How to Estimate More Accurately

Estimation accuracy is a crucial skill for startups and entrepreneurs. However, this is a vast area in which the majority of individuals suffer. Consider how many estimates you’ll need on a daily basis as a startup founder:

  • When will the next edition of the product be released?
  • What are our sales predictions for the coming quarters and years?
  • When and how many people should we hire?
  • What is the most appropriate amount to raise?

The number of items to estimate is nearly endless. And you’ll be way off on a lot of things if you can’t estimate accurately. And, surprise, you’ll almost always UNDERestimate (be overconfident) instead of OVERestimate. Improper estimation can have severe consequences for you, your startup, and your reputation!

So, what’s the solution? How can you drastically improve your ability to deliver more accurate estimates on a regular basis?

Allow me to introduce you to our mutual friend:

CBE stands for Confidence-Based Estimating. It’s a simple strategy that’s simple to implement.

When using confidence-based estimating, I want you to get into the habit of thinking about the confidence level (represented as a percentage) of your estimate anytime you create one.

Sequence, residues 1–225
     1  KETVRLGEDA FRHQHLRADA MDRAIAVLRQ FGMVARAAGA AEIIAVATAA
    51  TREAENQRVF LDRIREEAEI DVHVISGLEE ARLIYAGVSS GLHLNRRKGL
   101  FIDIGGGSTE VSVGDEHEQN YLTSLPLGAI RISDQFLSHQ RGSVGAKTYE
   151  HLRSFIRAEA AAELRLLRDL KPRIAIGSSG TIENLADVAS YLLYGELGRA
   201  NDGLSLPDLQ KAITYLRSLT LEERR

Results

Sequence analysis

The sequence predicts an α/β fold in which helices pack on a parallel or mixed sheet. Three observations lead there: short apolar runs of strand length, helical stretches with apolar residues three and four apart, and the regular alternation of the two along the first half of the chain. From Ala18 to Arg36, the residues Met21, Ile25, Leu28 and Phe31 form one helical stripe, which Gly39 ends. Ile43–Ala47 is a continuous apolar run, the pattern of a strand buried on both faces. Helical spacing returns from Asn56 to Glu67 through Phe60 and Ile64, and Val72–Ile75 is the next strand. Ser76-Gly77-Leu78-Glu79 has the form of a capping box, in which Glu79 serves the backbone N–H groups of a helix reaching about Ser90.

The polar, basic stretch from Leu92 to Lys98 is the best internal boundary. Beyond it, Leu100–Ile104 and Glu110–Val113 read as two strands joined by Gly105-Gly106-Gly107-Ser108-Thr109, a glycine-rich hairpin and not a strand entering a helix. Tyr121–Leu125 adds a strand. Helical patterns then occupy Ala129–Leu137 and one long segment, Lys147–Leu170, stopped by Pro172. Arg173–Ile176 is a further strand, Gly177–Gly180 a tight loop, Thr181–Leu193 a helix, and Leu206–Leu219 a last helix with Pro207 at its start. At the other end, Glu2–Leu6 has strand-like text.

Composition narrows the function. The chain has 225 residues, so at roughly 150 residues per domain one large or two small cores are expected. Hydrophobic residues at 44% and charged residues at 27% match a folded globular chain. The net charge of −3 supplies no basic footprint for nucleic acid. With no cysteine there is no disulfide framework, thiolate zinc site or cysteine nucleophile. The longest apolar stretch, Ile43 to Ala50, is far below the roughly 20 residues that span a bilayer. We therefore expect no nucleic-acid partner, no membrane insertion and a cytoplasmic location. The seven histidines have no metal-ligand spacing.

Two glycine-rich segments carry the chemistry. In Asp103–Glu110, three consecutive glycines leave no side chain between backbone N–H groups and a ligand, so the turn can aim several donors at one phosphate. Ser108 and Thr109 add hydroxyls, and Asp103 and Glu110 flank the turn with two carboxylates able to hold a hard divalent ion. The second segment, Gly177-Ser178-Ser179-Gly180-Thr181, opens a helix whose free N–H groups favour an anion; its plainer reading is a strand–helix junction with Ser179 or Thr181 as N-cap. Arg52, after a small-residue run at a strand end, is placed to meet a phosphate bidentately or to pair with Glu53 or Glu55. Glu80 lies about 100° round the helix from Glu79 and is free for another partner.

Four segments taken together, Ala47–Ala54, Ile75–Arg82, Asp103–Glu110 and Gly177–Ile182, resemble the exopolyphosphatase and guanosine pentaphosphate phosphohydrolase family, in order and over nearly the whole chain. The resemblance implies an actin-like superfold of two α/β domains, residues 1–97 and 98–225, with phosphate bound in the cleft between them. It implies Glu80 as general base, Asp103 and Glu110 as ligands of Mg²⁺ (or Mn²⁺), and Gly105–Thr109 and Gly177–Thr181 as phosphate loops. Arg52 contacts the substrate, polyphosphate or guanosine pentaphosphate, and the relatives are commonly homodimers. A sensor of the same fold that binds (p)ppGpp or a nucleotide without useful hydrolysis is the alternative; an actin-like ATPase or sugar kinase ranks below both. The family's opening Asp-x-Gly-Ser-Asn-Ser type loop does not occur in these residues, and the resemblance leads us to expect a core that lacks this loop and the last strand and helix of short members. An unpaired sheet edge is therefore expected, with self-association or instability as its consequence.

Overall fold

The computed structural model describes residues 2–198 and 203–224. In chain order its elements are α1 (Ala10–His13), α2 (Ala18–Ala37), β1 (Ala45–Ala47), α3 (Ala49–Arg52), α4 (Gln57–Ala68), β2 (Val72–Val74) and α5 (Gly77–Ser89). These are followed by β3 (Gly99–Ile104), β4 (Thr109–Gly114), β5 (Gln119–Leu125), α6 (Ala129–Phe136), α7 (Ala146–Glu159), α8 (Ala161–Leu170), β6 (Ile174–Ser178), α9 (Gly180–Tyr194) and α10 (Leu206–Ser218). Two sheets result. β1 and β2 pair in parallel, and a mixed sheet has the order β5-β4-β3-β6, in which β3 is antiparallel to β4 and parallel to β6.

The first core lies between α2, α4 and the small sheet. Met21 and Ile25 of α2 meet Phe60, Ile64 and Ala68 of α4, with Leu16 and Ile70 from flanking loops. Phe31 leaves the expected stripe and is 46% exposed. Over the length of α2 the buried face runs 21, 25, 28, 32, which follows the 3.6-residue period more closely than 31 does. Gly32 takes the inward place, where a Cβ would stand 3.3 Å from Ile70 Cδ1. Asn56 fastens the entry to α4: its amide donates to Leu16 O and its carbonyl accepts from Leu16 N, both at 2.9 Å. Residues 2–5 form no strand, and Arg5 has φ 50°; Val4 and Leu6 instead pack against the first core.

Let me give you a specific example of what I mean by “confidence level” and the psychological impact before I go any further. So, let’s talk about something else: the weather!

You’d assume “okay, it’s going to rain” if I told you my forecast for tomorrow’s weather (let’s call it a “weather forecast”) was that it would rain. However, if I told you, “Hey, there’s a 50% chance of rain tomorrow (also known as the probability of precipitation or “POP”),” you could have a different opinion of my predictions. And if I told you that there was a 25-30% chance of rain tomorrow, well, that’s a whole other kettle of fish. I simply went from “it’s going to rain tomorrow” to “there’s a 25-30% chance of rain,” and you’d definitely leave your house without an umbrella or rain jacket now. So you heard not just my predictions but also my level of confidence, both of which have a big influence on how you think and act.